Naproxen is another popular prescription painkiller, which belongs to a group of drugs called non-steroidal anti-inflammatory drugs (NSAIDs). Another example of NSAIDs, which is commonly available over the counter from pharmacies is ibuprofen. Many naproxen alternative drugs exist and can be prescribed by a doctor.
Naproxen– licensed use
Naproxen and other NSAIDs are used to help with pain and inflammation. Naproxen is the most commonly used NSAIDs as it offers good efficacy with a low incidence of side effects. Examples of licensed use for which NSAIDs can be prescribed:
- Conditions characterised by pain and inflammation, including rheumatic disease (osteoarthritis, rheumatoid arthritis) and disorders affecting muscles and bones.
- Acute gout
- Painful menstruation
Naproxen – mechanism of action
NSAIDs, including naproxen, have a well-defined mechanism of action. NSAIDs stop production of prostaglandins, which play a role in the inflammation process. Increased level of prostaglandins is observed at the site of injury or infection. NSAIDs produce anti-inflammatory and pain relief effects.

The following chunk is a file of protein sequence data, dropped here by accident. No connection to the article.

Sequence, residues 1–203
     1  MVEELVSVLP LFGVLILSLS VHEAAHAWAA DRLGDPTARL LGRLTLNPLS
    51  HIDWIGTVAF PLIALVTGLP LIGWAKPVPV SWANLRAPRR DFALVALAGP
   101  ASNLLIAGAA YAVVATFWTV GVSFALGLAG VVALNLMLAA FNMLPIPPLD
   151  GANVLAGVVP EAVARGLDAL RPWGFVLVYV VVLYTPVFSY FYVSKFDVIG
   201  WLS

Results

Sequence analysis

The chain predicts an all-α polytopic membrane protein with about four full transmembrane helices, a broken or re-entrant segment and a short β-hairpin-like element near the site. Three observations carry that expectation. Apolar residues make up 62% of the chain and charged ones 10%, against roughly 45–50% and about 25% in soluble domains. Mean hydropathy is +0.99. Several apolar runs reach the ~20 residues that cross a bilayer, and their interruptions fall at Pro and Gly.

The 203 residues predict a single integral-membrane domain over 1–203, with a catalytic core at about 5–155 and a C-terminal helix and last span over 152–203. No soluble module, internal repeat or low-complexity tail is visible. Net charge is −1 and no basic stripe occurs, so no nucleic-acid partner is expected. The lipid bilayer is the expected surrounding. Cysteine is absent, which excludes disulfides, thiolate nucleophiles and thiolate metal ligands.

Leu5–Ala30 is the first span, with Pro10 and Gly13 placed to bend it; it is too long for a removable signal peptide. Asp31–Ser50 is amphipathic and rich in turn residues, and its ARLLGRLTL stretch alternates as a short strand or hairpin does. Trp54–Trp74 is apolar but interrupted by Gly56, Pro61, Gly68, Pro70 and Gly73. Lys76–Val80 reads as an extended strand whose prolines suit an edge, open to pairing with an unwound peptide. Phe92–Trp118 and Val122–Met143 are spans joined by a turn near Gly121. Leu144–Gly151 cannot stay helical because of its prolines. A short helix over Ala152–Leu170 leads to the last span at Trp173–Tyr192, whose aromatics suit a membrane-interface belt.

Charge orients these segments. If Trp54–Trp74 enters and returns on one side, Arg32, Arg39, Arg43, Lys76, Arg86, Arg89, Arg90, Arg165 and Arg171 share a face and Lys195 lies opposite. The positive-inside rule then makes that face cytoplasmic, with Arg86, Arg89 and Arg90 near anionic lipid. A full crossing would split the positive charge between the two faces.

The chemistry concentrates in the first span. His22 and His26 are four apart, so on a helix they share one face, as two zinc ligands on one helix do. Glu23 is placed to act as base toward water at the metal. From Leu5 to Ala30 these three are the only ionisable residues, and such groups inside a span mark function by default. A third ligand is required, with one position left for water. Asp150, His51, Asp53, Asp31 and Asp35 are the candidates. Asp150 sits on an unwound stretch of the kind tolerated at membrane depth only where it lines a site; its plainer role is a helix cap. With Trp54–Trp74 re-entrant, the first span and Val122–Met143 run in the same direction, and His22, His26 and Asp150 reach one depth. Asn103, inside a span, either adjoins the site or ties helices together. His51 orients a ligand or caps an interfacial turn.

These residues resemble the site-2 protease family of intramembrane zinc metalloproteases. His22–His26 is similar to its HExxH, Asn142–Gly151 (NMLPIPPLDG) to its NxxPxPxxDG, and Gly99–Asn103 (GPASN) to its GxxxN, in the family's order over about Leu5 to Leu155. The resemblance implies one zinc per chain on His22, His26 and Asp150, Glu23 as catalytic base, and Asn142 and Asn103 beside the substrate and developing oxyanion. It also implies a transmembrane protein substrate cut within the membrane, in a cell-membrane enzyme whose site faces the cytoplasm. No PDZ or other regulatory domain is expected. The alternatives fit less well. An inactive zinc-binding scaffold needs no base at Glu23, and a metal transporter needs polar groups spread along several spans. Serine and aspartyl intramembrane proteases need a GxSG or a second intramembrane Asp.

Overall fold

Naproxen– common side effects
Naproxen can commonly cause gastro-intestinal side effect, for example:
- Heartburn / dyspepsia
- Constipation / diarrhoea
Individuals who take other drugs or have an underlying condition(s) may be offered proton pump inhibitor (PPIs). Omeprazole (the most popular PPI) is often prescribed together with naproxen, to ‘protect’ the stomach and minimise gastro-intestinal side effects such as heartburn.[amazon box=”B00MA5RMIQ” image_alt=”Esomeprazole – another PPI offers stomach protection from naproxen” image_title=”Nexium (esomeprazole) – another PPI offers stomach protection from naproxen” link_title=”Buy Nexium (esomeprazole) on Amazon.co.uk”]